Character Skills Snapshot now a criteria in admissions

This will be the first year that Uni is using the Character Skills Snapshot by the Secondary School Admission Test (SSAT) as a criteria in the application process. The Character Skills Snapshot is supposed to provide Uni with a more holistic view of what its applicants are like.


According to the SSAT, it is “a new online assessment tool that provides schools with a more holistic view of a child.” Furthermore, the SSAT claims that the snapshot provides a school with insight on how they can further enrich their students with specific skills.


The snapshot is intended to measure eight skills: intellectual curiosity, teamwork, initiative, responsibility, resilience, self-control, open-mindedness, and social awareness. The SSAT hasn’t released any practice questions yet, but they claim it should take twenty to thirty minutes and must be completed in one sitting. Students can take the snapshot at home on a device with internet connection, and if they are signed up for the SSAT, the snapshot is free.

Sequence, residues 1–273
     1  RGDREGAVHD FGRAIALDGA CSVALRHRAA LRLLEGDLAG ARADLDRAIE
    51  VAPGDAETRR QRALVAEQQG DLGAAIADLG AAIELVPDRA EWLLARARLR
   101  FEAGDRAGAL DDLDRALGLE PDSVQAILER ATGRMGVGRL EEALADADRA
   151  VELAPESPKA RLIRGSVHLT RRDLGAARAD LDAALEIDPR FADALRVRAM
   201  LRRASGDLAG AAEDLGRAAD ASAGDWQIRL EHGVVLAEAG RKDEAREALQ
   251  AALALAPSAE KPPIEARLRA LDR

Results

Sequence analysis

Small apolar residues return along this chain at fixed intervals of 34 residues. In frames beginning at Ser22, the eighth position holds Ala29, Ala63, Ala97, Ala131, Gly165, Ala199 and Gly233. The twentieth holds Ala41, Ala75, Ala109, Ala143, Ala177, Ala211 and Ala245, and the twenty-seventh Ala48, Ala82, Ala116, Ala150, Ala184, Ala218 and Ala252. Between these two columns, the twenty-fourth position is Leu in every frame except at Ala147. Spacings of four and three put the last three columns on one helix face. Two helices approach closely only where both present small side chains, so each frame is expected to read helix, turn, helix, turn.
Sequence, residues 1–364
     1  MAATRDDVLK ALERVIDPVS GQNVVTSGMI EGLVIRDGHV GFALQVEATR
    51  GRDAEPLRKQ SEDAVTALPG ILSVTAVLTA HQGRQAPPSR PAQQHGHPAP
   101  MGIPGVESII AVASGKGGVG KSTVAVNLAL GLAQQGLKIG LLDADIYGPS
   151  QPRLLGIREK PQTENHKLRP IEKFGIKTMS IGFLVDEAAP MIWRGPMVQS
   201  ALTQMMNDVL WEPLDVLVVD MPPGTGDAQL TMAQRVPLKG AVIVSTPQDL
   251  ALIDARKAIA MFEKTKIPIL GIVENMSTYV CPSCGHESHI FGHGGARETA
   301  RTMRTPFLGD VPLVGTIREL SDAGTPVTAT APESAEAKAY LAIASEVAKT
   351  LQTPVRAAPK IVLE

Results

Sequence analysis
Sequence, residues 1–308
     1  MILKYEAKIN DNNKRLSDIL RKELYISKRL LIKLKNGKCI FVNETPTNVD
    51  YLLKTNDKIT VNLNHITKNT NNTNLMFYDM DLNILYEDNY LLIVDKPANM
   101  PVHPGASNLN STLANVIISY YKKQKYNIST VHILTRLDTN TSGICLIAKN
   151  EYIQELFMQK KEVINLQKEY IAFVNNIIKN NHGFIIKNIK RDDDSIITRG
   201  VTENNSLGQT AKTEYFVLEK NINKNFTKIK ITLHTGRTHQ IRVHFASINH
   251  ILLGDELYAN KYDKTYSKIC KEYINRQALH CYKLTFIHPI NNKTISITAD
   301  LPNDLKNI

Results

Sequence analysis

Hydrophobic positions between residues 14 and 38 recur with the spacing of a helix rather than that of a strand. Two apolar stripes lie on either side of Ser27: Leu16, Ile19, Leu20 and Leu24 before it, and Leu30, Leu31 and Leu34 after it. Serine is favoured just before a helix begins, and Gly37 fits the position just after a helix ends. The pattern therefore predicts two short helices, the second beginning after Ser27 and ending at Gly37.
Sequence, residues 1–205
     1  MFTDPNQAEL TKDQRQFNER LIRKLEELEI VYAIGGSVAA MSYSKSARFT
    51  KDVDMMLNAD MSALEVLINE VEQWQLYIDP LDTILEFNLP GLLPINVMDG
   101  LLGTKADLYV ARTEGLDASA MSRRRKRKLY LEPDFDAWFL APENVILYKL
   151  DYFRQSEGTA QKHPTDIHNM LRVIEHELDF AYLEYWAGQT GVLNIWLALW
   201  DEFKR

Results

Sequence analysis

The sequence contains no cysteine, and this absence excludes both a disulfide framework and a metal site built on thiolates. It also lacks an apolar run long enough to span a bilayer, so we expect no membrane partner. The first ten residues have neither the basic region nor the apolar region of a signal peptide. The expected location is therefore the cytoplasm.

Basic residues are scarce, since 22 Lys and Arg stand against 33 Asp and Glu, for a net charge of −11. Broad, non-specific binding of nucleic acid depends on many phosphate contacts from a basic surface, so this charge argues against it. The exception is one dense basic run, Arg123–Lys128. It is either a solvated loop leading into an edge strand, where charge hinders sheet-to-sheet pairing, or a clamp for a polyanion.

“I’m excited for the new information we’re going to get about our applicants,” said Associate Director, Dr. Ida Nuckolls. Nuckolls says it gives Uni an opportunity to learn more about its incoming students in a holistic lens.


“We believe that our student applicants are more than just numbers, and I don’t think that the SSAT or the short answer questions on the application really provide the opportunity for students to share a lot of their characteristics,” said Nuckolls.


Nuckolls stressed that there are no right or wrong answers and it is not a personality test. She said that there isn’t a concern that parents will fill out the questions, as the test looks for consistency within the answers. The questions are presented in different ways, but they test similar skills. Furthermore, this test will give Uni an idea of how it can help its incoming students.


“We want to make sure we’re building a class of students who feel comfortable ‘collaborating,’ The results will give us an indication of what skills the school might need to help students,” said Nuckolls.